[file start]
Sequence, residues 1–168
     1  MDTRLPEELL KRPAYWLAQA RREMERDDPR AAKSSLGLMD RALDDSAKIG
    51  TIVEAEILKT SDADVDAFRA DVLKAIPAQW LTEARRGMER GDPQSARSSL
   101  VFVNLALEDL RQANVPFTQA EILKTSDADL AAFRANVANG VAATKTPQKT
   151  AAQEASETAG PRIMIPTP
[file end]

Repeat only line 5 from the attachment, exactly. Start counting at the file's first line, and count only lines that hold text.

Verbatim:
   151  AAQEASETAG PRIMIPTP